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Sources of Funding for Blended Learning Solutions

Instructor: Della McGuire

Della has been teaching secondary and adult education for over 20 years. She holds a BS in Sociology, MEd in Reading, and is ABD on the MComm in Storytelling.

In this lesson, we will look at the various sources and strategies schools can use to increase funding allocated to blended learning options in the classroom.

Cost of Blended Learning

Joshua has always been kind of a techie, and he grew up to become a middle school teacher. His students love him because he knows about Minecraft and all the other fun games the kids like to play, even some of the old school games from his generation, like Oregon Trail. Joshua knows that integrating technology into his classroom can help students understand how to use technology to participate in modern society. He also knows that he is in a low-income school district and technology is expensive, so he struggles with thinking of ways to cover these costs.

He brainstorms several strategies to raise money from different sources for a blended-learning classroom so that his students can reap the benefits and to help his school offset the cost. Strategies and sources of funding for blended learning solutions can include reallocating existing funds, generating new funds, and recognizing ways blended learning can make the most of existing funds.

Gradual Phasing

By gradually phasing in new changes in technology, the transition to a blended learning environment can be more manageable and more affordable. Joshua proposes gradually adding technology that can be included in the supplies budget for each term. For example, budgeting for one new computer to coincide with seasonal clearance sales can help increase the number of computers in the classroom gradually and at a lower cost.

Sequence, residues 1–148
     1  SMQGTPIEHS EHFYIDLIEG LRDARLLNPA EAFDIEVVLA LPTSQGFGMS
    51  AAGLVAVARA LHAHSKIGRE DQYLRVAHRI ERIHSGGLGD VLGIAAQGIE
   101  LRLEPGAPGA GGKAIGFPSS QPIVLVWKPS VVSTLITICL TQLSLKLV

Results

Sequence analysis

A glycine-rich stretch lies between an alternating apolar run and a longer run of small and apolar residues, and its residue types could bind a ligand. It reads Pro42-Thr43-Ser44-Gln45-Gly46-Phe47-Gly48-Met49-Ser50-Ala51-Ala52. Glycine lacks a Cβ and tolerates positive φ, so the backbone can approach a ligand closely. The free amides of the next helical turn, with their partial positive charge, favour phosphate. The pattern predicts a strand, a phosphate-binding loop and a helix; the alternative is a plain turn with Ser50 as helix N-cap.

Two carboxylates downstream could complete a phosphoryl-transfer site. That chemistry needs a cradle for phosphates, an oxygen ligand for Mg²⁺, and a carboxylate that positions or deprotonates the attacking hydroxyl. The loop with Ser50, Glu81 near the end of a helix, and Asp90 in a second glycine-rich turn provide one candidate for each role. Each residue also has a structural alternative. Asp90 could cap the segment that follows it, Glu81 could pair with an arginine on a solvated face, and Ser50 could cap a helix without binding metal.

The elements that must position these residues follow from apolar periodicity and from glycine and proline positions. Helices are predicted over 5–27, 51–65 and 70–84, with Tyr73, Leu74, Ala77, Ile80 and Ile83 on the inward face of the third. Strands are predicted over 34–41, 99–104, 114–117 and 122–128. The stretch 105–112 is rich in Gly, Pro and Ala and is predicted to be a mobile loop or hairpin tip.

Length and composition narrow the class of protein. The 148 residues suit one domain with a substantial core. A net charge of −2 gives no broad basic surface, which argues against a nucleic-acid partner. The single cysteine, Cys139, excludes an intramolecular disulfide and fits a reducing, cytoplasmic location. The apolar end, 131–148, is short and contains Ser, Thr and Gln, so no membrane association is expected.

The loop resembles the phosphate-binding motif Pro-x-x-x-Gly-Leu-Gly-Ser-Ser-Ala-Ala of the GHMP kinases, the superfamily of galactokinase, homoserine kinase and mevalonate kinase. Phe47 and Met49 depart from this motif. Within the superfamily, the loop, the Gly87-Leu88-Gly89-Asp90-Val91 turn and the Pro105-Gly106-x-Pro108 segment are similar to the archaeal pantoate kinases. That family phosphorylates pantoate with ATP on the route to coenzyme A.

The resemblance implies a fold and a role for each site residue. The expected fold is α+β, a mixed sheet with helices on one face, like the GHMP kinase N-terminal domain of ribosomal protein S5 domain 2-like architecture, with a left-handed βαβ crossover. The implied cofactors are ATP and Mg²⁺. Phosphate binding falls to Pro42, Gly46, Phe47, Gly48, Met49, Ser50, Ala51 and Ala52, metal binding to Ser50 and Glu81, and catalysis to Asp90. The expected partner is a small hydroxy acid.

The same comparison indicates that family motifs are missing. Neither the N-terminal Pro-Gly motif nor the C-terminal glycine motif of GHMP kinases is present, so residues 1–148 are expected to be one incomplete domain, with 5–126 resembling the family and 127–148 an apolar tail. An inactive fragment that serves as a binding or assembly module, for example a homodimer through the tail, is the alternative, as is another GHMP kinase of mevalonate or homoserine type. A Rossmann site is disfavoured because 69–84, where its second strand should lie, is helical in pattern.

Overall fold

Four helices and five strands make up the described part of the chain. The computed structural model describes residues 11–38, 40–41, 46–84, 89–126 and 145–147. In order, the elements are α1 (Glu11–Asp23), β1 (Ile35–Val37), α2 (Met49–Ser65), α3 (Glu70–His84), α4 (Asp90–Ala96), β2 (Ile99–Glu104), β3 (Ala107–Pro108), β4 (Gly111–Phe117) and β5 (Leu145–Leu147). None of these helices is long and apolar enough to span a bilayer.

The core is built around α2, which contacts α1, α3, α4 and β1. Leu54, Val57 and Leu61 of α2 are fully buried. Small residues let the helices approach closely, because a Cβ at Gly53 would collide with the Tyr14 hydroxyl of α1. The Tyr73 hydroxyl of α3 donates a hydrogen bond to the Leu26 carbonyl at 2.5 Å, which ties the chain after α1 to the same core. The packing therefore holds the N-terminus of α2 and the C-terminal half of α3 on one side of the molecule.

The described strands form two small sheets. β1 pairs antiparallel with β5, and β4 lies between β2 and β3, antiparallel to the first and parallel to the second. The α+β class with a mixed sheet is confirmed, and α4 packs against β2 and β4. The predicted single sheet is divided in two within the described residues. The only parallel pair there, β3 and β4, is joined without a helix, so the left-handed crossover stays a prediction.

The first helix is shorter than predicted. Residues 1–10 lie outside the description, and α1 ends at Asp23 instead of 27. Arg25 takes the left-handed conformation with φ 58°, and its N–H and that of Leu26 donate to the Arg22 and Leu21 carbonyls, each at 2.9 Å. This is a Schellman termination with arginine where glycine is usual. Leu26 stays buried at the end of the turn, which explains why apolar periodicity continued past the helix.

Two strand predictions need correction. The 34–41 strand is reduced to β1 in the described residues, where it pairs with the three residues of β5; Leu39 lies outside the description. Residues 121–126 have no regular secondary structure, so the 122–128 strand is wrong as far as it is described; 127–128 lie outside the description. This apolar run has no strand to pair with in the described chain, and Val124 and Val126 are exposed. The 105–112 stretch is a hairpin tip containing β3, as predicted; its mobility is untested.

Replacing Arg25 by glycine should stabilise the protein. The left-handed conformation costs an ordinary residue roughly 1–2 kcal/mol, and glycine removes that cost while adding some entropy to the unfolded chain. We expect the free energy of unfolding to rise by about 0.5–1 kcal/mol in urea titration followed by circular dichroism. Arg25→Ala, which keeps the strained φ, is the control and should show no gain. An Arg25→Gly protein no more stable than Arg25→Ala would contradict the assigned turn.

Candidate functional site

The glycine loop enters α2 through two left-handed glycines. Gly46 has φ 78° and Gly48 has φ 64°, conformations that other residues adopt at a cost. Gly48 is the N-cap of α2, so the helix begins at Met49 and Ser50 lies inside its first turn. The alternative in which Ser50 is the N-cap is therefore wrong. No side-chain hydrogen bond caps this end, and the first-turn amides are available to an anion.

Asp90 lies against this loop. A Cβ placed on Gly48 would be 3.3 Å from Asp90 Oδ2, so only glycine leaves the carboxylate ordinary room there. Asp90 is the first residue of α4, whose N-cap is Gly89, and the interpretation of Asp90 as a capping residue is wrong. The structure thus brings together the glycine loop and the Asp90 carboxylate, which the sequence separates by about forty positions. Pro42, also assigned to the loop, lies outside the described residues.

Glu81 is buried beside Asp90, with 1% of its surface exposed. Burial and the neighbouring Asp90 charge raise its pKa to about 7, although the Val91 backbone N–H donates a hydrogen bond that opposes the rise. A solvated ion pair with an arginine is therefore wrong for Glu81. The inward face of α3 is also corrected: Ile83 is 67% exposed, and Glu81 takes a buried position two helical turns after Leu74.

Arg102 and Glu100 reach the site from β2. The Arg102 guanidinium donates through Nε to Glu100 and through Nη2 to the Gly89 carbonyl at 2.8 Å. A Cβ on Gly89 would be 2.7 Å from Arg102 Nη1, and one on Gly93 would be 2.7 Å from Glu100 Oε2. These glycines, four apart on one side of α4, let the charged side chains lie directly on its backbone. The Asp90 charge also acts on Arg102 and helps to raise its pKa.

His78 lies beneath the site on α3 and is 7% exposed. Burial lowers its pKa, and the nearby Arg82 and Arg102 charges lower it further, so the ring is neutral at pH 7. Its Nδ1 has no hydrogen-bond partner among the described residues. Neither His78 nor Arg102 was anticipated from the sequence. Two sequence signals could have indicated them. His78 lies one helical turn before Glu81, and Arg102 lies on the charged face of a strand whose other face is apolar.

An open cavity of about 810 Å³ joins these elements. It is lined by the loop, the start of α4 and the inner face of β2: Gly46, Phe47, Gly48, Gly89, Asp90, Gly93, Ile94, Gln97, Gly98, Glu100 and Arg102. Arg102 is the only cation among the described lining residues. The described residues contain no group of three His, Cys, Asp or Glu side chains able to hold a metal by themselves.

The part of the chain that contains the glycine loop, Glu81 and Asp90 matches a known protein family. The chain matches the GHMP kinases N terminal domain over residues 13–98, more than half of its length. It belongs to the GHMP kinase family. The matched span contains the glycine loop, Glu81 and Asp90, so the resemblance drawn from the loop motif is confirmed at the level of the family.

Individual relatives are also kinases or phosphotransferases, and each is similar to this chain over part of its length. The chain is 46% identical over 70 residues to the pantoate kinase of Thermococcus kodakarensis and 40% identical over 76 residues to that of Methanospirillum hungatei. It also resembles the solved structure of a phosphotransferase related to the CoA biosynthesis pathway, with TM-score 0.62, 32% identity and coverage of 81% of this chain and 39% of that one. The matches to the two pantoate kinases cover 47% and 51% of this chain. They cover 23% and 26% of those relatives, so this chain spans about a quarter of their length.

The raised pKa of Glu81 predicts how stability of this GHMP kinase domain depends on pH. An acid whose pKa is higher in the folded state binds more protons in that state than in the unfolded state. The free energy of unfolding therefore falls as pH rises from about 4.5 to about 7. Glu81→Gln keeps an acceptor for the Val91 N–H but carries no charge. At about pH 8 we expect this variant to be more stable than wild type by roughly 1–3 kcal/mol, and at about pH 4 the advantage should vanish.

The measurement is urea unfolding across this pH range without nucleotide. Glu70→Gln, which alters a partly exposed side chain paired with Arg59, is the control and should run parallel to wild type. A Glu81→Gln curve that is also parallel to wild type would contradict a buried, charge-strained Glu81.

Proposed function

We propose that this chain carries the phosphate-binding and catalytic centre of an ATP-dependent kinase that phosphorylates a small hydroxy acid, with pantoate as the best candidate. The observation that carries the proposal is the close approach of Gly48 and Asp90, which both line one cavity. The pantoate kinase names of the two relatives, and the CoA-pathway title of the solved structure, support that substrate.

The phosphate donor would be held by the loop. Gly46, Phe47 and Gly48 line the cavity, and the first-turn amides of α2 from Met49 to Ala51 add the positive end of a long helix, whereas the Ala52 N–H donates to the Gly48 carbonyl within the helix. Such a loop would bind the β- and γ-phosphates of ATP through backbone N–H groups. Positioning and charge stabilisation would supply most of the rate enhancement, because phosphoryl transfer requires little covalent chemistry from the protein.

Balancing the Cost

Another strategy to illustrate that technology can be affordable is to emphasize savings from instructional materials and teacher shortages. Often, a teaching program or student enrichment activity on the computer is more cost effective than hiring more teaching assistants. By outlining the cost of program that can occupy students and comparing them to the salary of a teaching assistant, Joshua shows school administrators that the cost of technology can be balanced out by the savings in materials and instructors.

Streamline Software

Many of the programs that require monthly or annual subscription fees can be eliminated based on a review of which software is being utilized and which is redundant. For instance, many programs that charge a fee may have similar programs available for free download. By investigating the current subscriptions the school is paying for and eliminating those unnecessary costs, Joshua frees up a little money to invest in new hardware updates.

Implementing Fees

One way to offset the cost is by implementing user fees for technology the school has purchased. Because Joshua is in a low-income district, this is not the most ideal situation if the user fees would be paid for by students and their families. There may be members of the community who would like to sponsor a student and their family in order to have access to the school's technology. One example of implementing fees could be a subscription to the school's library database.

Title I

One possible source of funding for technology in a blended classroom could be through Title I funding. Title I is a federal legislation that provides for equality in education within low-income districts. Joshua can investigate grant funding opportunities through Title I to get money into his district for new hardware and software in order to increase equity of access to technology in low-income schools.

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